From my office window in Boro Park, I see Hasidim buying flowers and carrying challahs. Girls in long skirts and leather shoes talk in front of brownstone stoops, covering their mouths as if embarrassed by their giggles. “Es iz tsayit tsu geyn a haym,” my supervisor tells me. “It’s time to go home, Yoni. A gut Shabbes, un’ mir reden Montik.”
This is a shtetl rebuilt, a carved out piece of Brooklyn that beats to the paradoxical pulse of subways and klezmer. Strollers and shtreimels, knishes and kreplach stand alongside Haitian restaurants and halal delis. The pace is hectic. Shabbos is coming, and while this I take the stairs to the D train, excited to get back to upper Manhattan for synagogue and dinner, I can’t help but feel the pains of nostalgia for a world about which I know so little.
There is solace in the recreation of the Jewish Eastern European past. It feels haymish, comfortable, as if the unspeakable horrors of Europe have been gessoed over and a familiar painting has been cast on a new canvas. The peasants simply wear different clothes, the czar has been given a different title, and the currents of the Volga have flowed into the dirty waters known as Hudson and East. And yet, as an outsider, there is a painful aspect of denial that exists here deep in Brooklyn. This Pale of Settlement is free from pogroms and racist decrees, but this city is not and never will be Russia. Brooklyn is a home. Brooklyn bleeds community and unity, and Brooklyn needs the love and unwavering dedication that lies intrinsic to the concept of Yiddishkeit.
But we, in the outskirts and our well-to-do neighborhoods in New York and all across the country cannot shake our heads and point fingers. We too have run away to our safe havens. The suburbs have been a blessing and a curse. They have created a culture and a treasure of their own Jewish ethos. They have fostered wealth and have provided space for growing families. They have been a refuge from the chaos of the Jewish past. Safety lies in the question, “what do gated communities know of stone throwing or anti-Semitic slurs?” And yet, the suburbs have simultaneously instituted communal isolation, distance from synagogues and neighbors, and use-as-needed blinders for the pains and struggles of the urban majority.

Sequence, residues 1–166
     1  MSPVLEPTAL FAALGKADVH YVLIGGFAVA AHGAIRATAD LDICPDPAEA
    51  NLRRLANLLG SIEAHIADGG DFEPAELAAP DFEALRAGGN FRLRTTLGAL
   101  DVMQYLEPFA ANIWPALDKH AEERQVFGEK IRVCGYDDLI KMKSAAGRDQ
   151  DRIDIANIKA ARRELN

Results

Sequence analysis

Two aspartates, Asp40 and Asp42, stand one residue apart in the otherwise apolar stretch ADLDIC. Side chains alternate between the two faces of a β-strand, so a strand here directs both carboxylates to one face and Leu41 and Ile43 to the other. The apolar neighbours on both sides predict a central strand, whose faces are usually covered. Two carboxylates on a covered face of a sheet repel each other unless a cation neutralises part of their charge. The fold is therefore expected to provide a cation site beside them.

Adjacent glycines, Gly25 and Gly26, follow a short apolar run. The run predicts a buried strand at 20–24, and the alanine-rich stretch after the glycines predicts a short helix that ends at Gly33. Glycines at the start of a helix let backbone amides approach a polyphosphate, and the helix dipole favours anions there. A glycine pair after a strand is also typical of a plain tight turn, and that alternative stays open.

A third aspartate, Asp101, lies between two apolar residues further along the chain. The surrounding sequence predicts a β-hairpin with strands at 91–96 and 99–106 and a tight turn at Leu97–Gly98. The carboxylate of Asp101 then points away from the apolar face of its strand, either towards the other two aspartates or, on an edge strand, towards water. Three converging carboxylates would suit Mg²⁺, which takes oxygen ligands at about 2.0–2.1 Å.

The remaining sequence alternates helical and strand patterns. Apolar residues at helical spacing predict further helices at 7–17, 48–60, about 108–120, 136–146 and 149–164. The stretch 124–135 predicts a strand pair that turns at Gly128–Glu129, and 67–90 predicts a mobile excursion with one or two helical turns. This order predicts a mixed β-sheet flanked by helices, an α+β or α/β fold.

So where should we turn? Where can we find the Judaism that once brought so much pride to our people? Where are the new Heschels, willing to walk side by side with those who are oppressed but call themselves by names other than Jewish? Every week there are fundraisers and dinners, galas and Jewish events, and only a notable minority of these seem to be concerned with the troubles of those who live by our side.
We live in the age of the ego. We, as a country, as communities, and as individuals are scared of the world around us, and that fear leads time and time again to polarization, isolation, and suspicion. But the neighborhoods we need are the kind that serve as the loving hand pulling us from the pit of our fears and our selfishness. And to create these neighborhoods, we need to see beyond the labels attached to our personal Judaisms. Love comes from opening the doors to the soul, and it is the soul of the Jewish people that speaks of justice and peace, of courage and hope.
From my office in Boro Park, I look out at a world dancing to the melody of a beautiful past. My train ride uptown takes me from the shtetl to an equally scared and equally confused present. But from the window of our collective tradition, I can see a future of holy bonds and friendships, of trust and support, aid and assistance. We are strong and important communities. We are quick to give and to help, to listen and to contribute, and because of that special and inescapable goodness, we can work on being the neighbors we are meant to be.
May those that hold the torch of kindness and outreach serve as our teachers of Jewish responsibility. Let us not cast judgment on ourselves, for true giving can only come after loving oneself. But let us be aware of our fears and insecurities, of our need to always do better. To be a light unto the nations, we must be able to call the nations brother and sister, friend and family. Then and only then will our light begin to burn with the peaceful flame of its full potential.email print